Medial Epicondylitis

Pathophysiology

Also known as golfers elbow is an overload of the tendon which attaches to the medial epicondyle which is a bony prominence on the inside of the elbow. Tendon attaches muscle to bone which is why pain can also radiate into the forearm muscle on activity. Generally affects those aged 30-50 years. Medial epicondylitis is less common than lateral epicondylitis (tennis elbow), it is more common in those with type 2 diabetes and those who smoke.

Symptoms

  • Pain over the inside of the elbow which may radiate into the forearm
  • Pain on lifting, twisting, wrist flexion and gripping tasks e.g. turning keys, lifting kettle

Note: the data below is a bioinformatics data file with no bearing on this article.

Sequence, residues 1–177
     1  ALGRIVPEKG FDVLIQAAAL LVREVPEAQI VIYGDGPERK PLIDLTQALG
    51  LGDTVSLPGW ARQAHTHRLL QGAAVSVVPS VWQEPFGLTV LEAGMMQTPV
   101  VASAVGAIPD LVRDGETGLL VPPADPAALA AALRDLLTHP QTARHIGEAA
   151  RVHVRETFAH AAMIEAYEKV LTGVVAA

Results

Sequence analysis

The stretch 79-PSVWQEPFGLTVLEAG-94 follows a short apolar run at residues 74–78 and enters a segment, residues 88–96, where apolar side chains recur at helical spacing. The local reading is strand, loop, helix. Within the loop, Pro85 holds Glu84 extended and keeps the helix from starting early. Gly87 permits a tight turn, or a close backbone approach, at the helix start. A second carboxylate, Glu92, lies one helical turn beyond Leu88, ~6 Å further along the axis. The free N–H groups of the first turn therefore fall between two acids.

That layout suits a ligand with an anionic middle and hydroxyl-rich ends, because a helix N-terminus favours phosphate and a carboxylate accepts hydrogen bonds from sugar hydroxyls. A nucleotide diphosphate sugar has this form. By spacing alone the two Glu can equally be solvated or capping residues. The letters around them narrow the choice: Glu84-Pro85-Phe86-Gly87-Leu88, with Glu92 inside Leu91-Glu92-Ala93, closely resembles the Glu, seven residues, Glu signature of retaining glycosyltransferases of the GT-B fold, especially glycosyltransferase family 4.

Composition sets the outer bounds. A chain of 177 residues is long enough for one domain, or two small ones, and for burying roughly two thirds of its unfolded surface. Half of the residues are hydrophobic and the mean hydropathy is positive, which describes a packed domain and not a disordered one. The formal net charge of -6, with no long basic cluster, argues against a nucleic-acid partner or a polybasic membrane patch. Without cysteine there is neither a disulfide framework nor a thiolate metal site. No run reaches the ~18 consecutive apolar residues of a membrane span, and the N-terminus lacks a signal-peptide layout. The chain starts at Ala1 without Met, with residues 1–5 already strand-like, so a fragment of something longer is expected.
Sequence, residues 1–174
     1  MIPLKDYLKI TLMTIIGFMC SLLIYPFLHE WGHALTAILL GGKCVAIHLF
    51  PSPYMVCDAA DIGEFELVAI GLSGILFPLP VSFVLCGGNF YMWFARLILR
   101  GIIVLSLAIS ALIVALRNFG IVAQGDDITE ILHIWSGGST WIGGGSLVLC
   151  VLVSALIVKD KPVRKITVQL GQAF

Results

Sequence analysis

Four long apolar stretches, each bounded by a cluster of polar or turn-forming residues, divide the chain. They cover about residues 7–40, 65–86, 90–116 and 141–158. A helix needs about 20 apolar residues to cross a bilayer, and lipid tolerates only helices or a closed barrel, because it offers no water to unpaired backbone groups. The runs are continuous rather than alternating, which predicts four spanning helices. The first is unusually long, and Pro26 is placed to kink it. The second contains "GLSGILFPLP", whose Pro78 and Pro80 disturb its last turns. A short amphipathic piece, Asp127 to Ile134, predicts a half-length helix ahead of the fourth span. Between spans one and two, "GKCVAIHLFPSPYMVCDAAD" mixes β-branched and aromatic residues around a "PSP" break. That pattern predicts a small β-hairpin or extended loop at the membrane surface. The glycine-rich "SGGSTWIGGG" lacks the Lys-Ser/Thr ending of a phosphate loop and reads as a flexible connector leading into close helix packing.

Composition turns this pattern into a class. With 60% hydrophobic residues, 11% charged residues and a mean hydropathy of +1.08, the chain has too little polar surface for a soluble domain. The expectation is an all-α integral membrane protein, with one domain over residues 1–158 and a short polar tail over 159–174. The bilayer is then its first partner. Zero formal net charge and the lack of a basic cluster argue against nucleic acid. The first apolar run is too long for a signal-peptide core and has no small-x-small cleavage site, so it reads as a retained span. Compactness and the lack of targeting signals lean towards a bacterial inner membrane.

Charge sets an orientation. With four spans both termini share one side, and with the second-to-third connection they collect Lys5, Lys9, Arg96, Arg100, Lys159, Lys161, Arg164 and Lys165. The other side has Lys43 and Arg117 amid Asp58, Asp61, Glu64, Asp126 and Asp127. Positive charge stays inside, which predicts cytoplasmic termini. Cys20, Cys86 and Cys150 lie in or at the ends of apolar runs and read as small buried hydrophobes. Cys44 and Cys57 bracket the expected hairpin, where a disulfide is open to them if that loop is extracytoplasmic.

• Worse with repetitive actions e.g. carpentry or plumbing
  • Weakness in gripping activities
  • Movement of the elbow generally full although painful

Management

  • Activity modification
  • Ice or heat
  • Pain relief
  • Physiotherapy to include range of movement exercises and strengthening exercises
  • Orthopaedic options include injection if symptoms not improving in expected timeframes

Investigations

  • Generally not appropriate

Helpful Documents

Exercises to try:

Elbow

Wrist Flexion Exercises 

With your forearm rested on a table and wrist/hand over the edge 

With your palm up to the ceiling (with or without a weight)

Bend your wrist up and slowly return to the starting position

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